My Guts rumbl'd like a Hurle-barrow,
I din'd with Saints and Noble men,
Ev'n sweet St. Giles, and Earl of Murray,

Tykes Testment take him for his treat,
I needed not my teeth to pike,
Though I was in a cruel sweat,
He set not by, say what I like:
I call'd him Turk and traiked Tyke,
And wearied him with many a curse;
My bones were hard like a stone dyke,
No Reg. Marie was in my purse.

Kind Widow Caddel sent for me,
To dine as she did oft forsooth,
But ah! alas, that would not be,
Her house was o're near the Tolbooth.
Yet God reward her for her love,
And kindness, which I fed full found,
Most readie still for my behove,
Ere this hells hound took her in hand.

I left my Page and stour'd to Leith,
To try my credit at the wine,
But soul a drible fil'd my teeth,
He gripp'd me at the Coffee Sign,
I sta down through the Nether Wynd,
My Lady Semples house was near ;
To enter there was my design,
Where Poverty durst ne're appear.

I din'd there, but I bade not lang,
My Lady fain would shelter me.
But e're alas I needs must gang,
And leave that comelie companie:
Her Lad convey'd me with a key,
Out through the Garden to the field,
Ere I the Links could graithlie see,
My Governour was at my heels.

I dought nor dance to pipe or harp,
I had no stock for Cards and Dice,
But I suir to Sir william Sharp,
Who never made his Counsel nice:

That little man he is right wise,
And sharp as any brier can be ,
He bravely gave me his advice,.
How I might poyson povertie.

Quoth he, there grows hard by the dyel,
In Hartons Garden bright and sheen,
A soveraign herb call'd Penny Royal
Whilk all the year grows fresh and green,
Could ye but gather fair and clean,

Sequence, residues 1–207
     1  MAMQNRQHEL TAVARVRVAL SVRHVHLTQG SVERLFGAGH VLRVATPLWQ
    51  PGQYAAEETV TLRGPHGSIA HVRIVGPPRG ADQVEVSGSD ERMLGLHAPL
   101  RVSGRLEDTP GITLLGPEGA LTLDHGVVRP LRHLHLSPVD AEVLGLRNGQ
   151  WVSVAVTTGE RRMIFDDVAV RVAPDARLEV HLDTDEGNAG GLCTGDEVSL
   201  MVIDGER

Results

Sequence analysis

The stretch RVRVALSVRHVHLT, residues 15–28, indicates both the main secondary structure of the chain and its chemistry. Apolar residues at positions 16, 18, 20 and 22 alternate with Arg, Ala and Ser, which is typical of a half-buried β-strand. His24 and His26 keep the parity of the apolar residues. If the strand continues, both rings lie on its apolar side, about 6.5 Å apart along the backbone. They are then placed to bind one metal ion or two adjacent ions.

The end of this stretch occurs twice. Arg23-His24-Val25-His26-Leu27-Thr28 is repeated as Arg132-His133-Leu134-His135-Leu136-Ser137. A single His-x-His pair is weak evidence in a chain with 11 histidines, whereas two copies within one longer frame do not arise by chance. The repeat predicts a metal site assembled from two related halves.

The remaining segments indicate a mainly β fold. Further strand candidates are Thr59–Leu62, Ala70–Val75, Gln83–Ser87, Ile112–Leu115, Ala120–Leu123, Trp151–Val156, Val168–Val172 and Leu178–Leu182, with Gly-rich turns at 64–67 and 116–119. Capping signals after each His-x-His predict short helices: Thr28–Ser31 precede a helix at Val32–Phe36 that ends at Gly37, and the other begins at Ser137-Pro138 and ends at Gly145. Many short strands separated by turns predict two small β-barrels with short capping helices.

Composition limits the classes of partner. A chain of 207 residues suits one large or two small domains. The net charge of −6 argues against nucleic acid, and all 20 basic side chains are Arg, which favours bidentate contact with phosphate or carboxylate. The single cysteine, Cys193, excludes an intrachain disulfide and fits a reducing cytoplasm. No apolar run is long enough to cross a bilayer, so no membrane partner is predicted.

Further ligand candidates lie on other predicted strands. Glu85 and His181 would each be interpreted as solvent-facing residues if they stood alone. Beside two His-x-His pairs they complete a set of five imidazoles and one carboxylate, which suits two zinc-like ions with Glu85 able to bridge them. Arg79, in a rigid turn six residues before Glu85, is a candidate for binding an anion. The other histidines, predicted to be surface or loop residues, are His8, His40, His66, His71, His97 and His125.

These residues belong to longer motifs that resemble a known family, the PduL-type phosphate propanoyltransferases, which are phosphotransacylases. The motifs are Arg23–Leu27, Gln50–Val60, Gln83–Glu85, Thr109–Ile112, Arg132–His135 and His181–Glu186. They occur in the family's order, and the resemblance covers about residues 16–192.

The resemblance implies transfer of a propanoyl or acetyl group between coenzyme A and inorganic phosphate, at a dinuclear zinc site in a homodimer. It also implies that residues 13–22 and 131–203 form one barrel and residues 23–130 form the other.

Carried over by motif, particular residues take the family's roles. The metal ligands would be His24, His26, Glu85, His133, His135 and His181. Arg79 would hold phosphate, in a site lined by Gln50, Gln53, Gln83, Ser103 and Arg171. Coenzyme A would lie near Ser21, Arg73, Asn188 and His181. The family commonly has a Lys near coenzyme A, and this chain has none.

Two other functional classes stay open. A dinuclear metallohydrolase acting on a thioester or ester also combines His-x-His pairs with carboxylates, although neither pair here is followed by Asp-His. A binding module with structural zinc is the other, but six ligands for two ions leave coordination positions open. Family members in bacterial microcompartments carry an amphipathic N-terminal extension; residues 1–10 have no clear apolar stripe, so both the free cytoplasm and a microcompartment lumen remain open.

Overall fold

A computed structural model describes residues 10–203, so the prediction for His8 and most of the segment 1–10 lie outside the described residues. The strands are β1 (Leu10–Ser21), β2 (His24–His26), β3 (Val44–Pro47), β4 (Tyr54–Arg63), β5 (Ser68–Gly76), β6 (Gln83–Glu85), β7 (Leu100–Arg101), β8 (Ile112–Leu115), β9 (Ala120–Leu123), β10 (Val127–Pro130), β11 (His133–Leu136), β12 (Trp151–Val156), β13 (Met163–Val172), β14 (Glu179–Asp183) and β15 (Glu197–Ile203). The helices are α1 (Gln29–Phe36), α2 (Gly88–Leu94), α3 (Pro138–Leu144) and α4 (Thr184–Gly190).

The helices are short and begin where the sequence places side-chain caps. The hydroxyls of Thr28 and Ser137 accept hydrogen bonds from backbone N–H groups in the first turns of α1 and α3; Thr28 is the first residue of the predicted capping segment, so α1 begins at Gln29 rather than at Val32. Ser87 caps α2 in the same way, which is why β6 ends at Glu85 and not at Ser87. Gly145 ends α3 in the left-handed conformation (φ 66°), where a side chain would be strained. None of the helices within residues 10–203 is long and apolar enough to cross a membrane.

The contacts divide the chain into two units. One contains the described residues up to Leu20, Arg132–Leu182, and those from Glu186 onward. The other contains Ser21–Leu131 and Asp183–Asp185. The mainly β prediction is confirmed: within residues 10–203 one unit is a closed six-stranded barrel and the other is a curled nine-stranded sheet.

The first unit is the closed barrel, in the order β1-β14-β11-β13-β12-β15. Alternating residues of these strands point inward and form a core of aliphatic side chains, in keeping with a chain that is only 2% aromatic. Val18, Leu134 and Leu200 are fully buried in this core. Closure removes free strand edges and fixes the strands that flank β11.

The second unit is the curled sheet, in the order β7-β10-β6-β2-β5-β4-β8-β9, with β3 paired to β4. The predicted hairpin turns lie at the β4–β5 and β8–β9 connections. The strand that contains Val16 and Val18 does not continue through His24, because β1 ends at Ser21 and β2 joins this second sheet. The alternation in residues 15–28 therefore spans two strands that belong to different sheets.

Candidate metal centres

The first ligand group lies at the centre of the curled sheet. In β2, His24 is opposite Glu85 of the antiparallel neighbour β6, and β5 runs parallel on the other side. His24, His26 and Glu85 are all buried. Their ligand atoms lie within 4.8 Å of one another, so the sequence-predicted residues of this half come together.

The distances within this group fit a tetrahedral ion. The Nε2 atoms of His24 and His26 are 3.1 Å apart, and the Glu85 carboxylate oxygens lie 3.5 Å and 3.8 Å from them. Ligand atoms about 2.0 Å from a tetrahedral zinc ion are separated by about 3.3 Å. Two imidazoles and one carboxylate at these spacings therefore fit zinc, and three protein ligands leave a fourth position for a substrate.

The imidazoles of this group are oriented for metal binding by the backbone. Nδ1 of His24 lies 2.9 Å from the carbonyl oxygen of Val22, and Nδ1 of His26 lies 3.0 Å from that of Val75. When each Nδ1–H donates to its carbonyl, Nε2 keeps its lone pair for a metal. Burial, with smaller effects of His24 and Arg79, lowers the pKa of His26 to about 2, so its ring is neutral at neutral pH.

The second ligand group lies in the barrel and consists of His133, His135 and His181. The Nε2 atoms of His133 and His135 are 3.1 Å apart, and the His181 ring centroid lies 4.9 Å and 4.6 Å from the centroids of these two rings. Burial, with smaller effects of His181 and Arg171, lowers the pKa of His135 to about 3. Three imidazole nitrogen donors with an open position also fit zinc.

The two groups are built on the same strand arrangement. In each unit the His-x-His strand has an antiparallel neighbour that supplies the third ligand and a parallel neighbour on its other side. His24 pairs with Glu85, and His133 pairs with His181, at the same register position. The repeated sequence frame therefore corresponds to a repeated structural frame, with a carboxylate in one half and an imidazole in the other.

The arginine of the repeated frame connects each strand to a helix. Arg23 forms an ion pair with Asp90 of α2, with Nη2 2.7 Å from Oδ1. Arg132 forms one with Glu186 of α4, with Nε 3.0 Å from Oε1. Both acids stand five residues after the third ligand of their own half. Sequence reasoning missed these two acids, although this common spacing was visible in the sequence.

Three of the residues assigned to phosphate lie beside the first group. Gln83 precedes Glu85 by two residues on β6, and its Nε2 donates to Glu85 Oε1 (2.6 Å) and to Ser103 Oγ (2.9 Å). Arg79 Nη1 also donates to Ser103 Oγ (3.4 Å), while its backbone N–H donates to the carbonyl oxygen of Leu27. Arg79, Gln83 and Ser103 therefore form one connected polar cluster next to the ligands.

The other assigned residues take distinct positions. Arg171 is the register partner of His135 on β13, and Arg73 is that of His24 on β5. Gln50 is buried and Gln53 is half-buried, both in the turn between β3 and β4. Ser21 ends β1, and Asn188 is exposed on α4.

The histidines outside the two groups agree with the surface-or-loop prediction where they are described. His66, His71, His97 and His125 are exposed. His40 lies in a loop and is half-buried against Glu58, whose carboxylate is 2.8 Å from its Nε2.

Your business would not go backward
But let account of it be seen,            
From the Physicians of Exchequer;

For is that Ticket ye bring with you
Come back to me, you need not fear
For I some of that herb can give you,
Whilk I have planted this same year:
Your Page it will cause disappear,
Who waits on you against your will;
To gather it I shall you lear,         
In my own Yard of Stonny bill.

But when I dread that would not work
I underthought me of a wyle,   
How I might at my leisure lurk,
My graceless Guardian to beguile:
It's but my galloping a mile,
Through Cannogate with little loss;
Till I have Sanctuary a while
Within the Girth of Abbey Closs:

There I wan in, and blyth Was I
When to the inner Court I drew
My Governour I did defy,      
For joy I clapt my wings and crew,
There Messengers dare not pursue,
Nor with their wands mens Shoulder Steer
There dwells distressed Lairds enew,
In peace though they have little gear

There twa hours I did not tarrie
Till my blest fortune was to see
A sight sure by the mights of Marie,
Of that brave Duke of Albanie;
Where one blink of his Princly eye
Put that foul foondling to the night,
Fra me be banisht povertie,      
And gart him take his last goodnight.


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Probable date of publication: 1703   shelfmark: APS.4.94.22
Broadside ballad entitled 'The Banishment of Poverty'